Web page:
Kehinde is a Nigerian woman, unsure of herself, not quite certain she has the right to be happy. With her husband, Albert, she has made a home in London, and has a promising career when Albert decides they should return to Nigeria. Kehinde is loath to do so, and joins him later, reluctantly, only to discover that he has taken a second, younger wife. Her years in England have left Kehinde unwilling and unprepared to reembrace Nigerian social mores; and unable to accept the situation, she returns to London.

  • JoJoshura
The book conveys a high sense of African literature without any comprise with mediocrity or laxity. The author penned a literary work that should be read by all the people interested in African literature.
  • Deeroman
Product arrived as promised. In a timely fashion. That's all that's needed to keep me ordering books and materials online.
  • SupperDom
Great! Faster than expected. Was worth the price
  • Doath
Great read!! I loved this book. Rich with history and all that makes for a good novel. Passed it on to my daughter who is enjoying it as we'll.
  • Thoginn
In this novel of culture clash and the burden of tradition perpetuated on and by women, Kehinde and her husband Albert are poised to return to Nigeria from London, their home for 16 years. Reluctant to leave her job and relinquish the independence she has come to treasure, Kehinde convinces herself she will respected at home as a "been there" woman.

But, she discovers, in Nigeria she is only a woman, and a discarded wife at that. Her husband has taken a second wife, an educated professional who has given him a son and shows him the respect he feels is his due.

This slim, deceptively simple novel is rich in complexity. Emecheta effectively portrays the smothering feel of the extended family for Kehinde while showing how the second wife, unspoiled by Western culture, borrows strength and power from it when she is weak. Kehinde's strength must come from inside herself and, in Nigeria, that will never be possible.

Emecheta, a British immigrant with numerous novels to her credit, celebrates personal fulfillment, with a distinctly feminist cast.
  • Arthunter
Buchi Emecheta's novel captures attention from the very first page and it is most likely that any reader of post-colonial fiction will see the last page in just one go. Apart from Emecheta's mastery in reflecting the experiences of a Nigerian woman living in London in the 1960s and 1970s, what appeals to the reader is the delicate sense of what Homi Bhabha calls "hybridity" that is professionally placed within the texture of the narrative. The Nigerian and the English worlds come together in the novel. For my part, I believe that "Kehinde" can well be read as a novel reflecting the cross-cultural adaptation of a Nigerian woman, who can no longer accept the values and the traditional social structures of her country of origin. Neither does she readily assimilate into the English culture. Rather she reconciles the two cultures. This is the story of how a bicultural identity is formed. Once Kehinde tastes freedom, then she can't be expected to accept marital slavery again. This is what her new identity requires and she finds spiritual balance and reconciliation in following the urges of her new bicultural self.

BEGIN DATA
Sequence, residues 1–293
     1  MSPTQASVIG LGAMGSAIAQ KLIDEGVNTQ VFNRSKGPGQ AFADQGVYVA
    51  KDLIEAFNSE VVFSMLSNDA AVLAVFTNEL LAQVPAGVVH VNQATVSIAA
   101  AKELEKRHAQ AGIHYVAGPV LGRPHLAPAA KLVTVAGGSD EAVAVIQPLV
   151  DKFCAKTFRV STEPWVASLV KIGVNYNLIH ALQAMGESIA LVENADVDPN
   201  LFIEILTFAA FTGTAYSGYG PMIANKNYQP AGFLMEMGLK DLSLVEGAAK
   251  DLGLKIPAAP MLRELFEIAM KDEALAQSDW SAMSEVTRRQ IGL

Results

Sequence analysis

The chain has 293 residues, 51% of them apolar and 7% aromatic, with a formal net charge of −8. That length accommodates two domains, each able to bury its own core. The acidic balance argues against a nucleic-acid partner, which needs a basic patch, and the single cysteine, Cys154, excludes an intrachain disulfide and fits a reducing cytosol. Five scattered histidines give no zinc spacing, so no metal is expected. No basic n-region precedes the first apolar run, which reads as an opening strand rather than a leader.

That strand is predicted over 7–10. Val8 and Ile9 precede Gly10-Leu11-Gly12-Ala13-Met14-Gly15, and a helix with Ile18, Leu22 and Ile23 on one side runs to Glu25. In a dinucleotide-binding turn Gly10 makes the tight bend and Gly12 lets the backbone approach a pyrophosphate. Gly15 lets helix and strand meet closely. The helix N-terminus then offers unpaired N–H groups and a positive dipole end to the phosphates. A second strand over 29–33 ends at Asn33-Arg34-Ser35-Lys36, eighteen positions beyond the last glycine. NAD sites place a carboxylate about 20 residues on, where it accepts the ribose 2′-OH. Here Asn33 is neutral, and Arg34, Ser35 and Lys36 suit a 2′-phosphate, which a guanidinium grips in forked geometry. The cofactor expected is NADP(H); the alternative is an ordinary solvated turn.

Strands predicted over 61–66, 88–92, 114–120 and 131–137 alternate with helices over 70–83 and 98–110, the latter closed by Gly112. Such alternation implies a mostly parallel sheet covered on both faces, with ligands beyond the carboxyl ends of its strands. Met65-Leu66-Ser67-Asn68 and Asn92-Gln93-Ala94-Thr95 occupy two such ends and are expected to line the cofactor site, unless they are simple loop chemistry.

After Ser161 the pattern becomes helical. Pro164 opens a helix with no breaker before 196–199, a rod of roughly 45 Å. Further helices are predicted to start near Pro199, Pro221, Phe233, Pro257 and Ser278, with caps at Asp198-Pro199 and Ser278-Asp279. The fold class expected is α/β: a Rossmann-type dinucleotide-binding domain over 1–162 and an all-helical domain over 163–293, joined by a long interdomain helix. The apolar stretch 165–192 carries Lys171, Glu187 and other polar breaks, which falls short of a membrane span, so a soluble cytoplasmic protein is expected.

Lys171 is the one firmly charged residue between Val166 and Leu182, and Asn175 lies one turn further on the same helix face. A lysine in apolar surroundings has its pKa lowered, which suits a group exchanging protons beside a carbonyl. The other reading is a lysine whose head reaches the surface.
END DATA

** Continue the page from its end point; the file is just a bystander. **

• Rigiot
I just finished reading this book and I seriously liked it. It is Buchi Emecheta's third novel I am reading so far, and I am so sure I am going to read more of her books and I hope to get to read all of them. She is so talented, I love her writings, she is a 5 stars writer, one of the best (if not the best) African writer and story teller of all times. I have officially proclaimed myself her fan. I have read The Joys of Motherhood, 1979, by Buchi Emecheta ***** and Second-Class Citizen, 1974, Buchi Emecheta *****, I loved and enjoyed them thoroughly they are all 5 Stars book. Please visit [...] to read more
Author Buchi Emecheta takes the reader deep into lives of
a Nigerian couple during the late 1970's. Touching on the trials
of marriage , friendship and various facets of Nigerian culture.
Told in an unforgettably visceral fashion. Beginning first in
London , and later moving to the couple's homeland of Nigeria.
It's a spiritual journey to Africa. No plane necessary.